Release Date: November 12, 2008
BUFFALO, N.Y. -- The presence of children in the White House will undoubtedly have an impact on the image of the U.S. currently held by its own citizens and by those in countries around the world, says Sampson Lee Blair, Ph.D., associate professor of sociology at the University at Buffalo.
"People tend to perceive a parent, especially a parent of young children, as kind, nurturing, protective and possessed of a beneficent nature -- one that is pleasant and concerned about the well-being of others," says Blair, who studies marriage and the American family.
"Obama will not only be a young president, but a young father, and it will be assumed that his domestic and foreign policies will be colored by the effects they will have on his daughters."
Blair says most of us presume that parents, the most important socialization force in the lives of children, are keenly aware of their substantial influence on their sons and daughters. As guides, disciplinarians and role models, they often give considerable thought to how their choices and actions directly or indirectly will influence their kids.
Blair says that, given our understanding of this, the fact that he has young children may have sent more than a few votes Obama's way.
"As president, I would certainly expect to see Obama looking at the country, and the rest of the world, through the lens of fatherhood," Blair says.
"Understandably, most parents want to be able to help their children to have a better life than they had. Parents want their children to have both more and better quality education, they want their children to have a better job (though that may be difficult for the Obama girls to achieve!) and they want their children to live in a safe and peaceful world.
"Although virtually every parent aspires to give such things to their children," he says, "President Obama will be in a unique position to give these to not only his daughters, but to the entire generation of children that his daughters represent in his eyes.
"This is a very appealing and reassuring proposition for the public," Blair says. He has two daughters himself and says he found the idea of having a parent in the White House very appealing.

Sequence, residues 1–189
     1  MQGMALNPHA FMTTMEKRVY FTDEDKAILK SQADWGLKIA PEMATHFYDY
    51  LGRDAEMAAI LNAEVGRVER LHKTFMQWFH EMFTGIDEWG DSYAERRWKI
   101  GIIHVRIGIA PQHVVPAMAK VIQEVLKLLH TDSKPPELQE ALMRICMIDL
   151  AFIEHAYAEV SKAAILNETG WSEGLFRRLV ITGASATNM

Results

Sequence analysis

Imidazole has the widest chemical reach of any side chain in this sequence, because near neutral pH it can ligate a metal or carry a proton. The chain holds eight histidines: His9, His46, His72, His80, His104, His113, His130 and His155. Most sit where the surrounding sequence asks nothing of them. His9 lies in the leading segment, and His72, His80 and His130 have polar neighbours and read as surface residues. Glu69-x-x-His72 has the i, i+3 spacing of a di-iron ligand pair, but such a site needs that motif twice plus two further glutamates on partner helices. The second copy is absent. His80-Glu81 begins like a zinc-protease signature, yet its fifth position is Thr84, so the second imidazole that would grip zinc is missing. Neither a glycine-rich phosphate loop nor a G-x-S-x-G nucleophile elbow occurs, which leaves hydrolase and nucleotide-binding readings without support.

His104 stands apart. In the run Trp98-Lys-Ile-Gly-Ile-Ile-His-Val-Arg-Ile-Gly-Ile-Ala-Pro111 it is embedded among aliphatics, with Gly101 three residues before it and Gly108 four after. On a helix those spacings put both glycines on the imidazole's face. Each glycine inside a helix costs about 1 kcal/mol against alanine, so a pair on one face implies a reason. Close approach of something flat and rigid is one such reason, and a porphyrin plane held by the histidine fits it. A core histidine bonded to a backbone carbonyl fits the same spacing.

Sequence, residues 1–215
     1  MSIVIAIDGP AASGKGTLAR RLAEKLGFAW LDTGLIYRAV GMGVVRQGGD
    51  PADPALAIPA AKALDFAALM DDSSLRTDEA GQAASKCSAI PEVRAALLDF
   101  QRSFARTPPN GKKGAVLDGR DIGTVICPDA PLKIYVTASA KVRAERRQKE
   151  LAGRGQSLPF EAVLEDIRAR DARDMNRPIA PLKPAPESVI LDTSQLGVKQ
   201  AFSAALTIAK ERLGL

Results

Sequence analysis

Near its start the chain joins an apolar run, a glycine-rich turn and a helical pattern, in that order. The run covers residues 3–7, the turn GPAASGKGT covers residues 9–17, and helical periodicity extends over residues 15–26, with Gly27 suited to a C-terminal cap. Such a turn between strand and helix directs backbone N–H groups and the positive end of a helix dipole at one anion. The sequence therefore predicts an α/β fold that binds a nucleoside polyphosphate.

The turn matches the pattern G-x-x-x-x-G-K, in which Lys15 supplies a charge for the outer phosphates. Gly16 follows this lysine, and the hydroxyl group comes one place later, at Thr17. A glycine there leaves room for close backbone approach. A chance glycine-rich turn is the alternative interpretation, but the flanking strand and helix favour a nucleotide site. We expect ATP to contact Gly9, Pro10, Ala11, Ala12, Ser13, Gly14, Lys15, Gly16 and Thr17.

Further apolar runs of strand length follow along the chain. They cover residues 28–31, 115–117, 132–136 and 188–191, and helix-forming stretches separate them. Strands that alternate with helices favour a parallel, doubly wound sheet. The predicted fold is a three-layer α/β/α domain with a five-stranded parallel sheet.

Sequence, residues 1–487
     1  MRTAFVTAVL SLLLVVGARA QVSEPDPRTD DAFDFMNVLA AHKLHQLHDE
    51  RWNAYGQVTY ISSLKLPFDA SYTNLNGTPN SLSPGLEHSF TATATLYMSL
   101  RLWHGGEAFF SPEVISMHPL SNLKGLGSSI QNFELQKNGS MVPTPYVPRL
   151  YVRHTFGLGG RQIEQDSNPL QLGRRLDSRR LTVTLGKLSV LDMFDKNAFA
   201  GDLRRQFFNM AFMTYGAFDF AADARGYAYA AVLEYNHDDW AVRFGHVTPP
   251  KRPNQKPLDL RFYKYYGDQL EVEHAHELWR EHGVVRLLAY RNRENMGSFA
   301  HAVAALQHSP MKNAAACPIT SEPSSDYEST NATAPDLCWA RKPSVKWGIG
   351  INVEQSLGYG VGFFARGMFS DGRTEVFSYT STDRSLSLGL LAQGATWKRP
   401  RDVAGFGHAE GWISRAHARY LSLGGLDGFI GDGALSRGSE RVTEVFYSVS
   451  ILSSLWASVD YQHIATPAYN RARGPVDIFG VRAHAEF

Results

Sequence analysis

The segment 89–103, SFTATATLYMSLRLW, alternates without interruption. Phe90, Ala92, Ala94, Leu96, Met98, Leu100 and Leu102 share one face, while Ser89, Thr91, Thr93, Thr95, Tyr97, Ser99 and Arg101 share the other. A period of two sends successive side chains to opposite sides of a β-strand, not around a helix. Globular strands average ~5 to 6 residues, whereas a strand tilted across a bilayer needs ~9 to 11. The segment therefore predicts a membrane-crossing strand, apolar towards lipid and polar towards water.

Blair notes that over the past decade, politicians have directed much of their attention and action toward appeasing the baby boom generation. This is quite understandable, he says, because the boomers do, in fact, make up a large portion of the voting population.
"Many of that generation are now either retired or rapidly approaching retirement, however," Blair points out. "With McCain the face -- literally -- of the Republican ticket, many voters may have thought his concerns would have a generational quality about them -- that perhaps the needs of the elderly population would be given greater attention than those of the younger generation."
He suggests that true or not, a McCain presidency may have been perceived as likely to direct money toward Medicare, rather than education.
"This generational divide is made evident by the fact that John McCain was born years before the baby boom began. Obama, born at its extreme end," Blair says, "grew up during the Cold War, during the Vietnam War, during the Watergate scandal and during the recession of the early 1980s. He has felt the effect of government policies on American children and adolescents and it has had consequences for his life and thought."
Blair is director of undergraduate studies in the UB Department of Sociology. His research and extensive publications focus on the sociology of the family, child and adolescent development, gender and ethnicity. He is former senior editor of Sociological Inquiry and served as an associate editor on the boards of Social Justice Research, Journal of Family Issues and Marriage & Family Review.
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